Parent-child relations and parenting behaviors with children at the age of 13 and 16: Individuation or detachment?

J. Gowert Masche

Research output: Contribution to journalArticlepeer-review

3 Citations (Scopus)


According to Individuation Theory, adolescents become more and more autonomous while the level of parent-adolescent connectedness is constant. However, connectedness is hypothesized to attain a more reciprocal, peer-like quality. These assumptions were tested using a sample of 968 students of ages 13 and 16 The sample was quite representative with respect to the various German school tracks. Besides effects of age on the relationship, corresponding age differences in the levels of authoritative parenting (affection, behavior control, and psychological autonomy granting) were investigated. At age 16, adolescents claimed more autonomy from parents, and parents had less knowledge of their offspring's life. The parent-adolescent connectedness remained fairly constant across age, that is, it did not change towards reciprocity. Older participants experienced less paternal support than younger subjects. With age, parental behavior control decreased. Fathers also were less affective with increasing age of participants. The father-adolescent relationship was less close than the mother-adolescent relationship, especially for girls. Furthermore, school track differences were revealed. The results are discussed with respect to Individuation Theory and notions of detachment.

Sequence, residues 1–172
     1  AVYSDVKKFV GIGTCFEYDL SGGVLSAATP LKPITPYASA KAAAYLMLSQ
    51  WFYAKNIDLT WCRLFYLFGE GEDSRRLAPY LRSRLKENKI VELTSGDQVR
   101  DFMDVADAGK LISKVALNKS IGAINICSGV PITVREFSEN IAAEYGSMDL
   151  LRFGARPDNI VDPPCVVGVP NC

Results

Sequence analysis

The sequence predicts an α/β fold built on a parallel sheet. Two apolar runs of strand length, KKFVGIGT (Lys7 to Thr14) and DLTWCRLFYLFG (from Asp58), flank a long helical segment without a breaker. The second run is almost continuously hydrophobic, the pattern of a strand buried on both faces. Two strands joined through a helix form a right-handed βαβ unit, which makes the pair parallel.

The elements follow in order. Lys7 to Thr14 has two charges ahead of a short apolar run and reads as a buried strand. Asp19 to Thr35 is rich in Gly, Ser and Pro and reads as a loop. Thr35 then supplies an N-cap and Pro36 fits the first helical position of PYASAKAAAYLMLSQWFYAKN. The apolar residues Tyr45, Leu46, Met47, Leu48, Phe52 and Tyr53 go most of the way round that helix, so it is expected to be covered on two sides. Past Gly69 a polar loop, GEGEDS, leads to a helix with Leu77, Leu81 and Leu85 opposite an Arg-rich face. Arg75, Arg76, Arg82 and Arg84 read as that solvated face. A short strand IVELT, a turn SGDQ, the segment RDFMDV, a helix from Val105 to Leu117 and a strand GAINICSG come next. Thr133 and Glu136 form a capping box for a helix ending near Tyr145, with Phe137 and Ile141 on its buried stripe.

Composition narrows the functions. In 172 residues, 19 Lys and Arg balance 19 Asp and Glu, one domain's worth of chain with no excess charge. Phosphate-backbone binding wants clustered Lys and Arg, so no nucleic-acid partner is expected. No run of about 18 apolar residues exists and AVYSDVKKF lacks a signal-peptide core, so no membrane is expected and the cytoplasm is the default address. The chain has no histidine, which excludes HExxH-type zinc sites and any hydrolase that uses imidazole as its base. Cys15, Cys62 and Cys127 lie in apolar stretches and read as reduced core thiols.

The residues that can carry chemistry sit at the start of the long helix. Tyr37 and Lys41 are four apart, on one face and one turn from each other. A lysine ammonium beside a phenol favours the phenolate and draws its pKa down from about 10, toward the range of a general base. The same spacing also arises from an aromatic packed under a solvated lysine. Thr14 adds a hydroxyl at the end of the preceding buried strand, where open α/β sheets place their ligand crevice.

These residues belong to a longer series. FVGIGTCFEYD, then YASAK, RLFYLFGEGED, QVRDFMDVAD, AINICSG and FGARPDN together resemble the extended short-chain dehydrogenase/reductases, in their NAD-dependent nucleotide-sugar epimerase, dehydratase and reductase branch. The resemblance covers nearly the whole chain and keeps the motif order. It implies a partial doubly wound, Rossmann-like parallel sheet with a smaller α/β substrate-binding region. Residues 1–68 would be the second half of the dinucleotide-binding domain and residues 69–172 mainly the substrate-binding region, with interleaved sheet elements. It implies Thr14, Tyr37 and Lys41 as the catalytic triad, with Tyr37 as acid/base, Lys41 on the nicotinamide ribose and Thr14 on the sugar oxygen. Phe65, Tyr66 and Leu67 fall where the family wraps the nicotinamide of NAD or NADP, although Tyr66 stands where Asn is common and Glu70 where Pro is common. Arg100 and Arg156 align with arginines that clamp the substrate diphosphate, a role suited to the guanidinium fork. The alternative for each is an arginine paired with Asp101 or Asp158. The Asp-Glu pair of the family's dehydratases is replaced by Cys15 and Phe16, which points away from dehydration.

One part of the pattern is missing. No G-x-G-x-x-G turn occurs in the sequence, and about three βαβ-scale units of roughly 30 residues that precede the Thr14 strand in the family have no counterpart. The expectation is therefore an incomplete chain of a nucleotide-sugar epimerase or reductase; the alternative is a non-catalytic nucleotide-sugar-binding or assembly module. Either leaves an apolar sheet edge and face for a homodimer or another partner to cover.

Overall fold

Original languageEnglish
Pages (from-to)7-22
Number of pages15
JournalZeitschrift für Soziologie der Erziehung und Sozialisation / Journal for Sociology of Education and Socialization
Issue number1
Publication statusPublished - 2006
Externally publishedYes

Swedish Standard Keywords

  • Psychology (501)


  • adolescence
  • authoritative parenting
  • detachment
  • individuation
  • parent-child relations
  • parenting behaviors
  • parenting style


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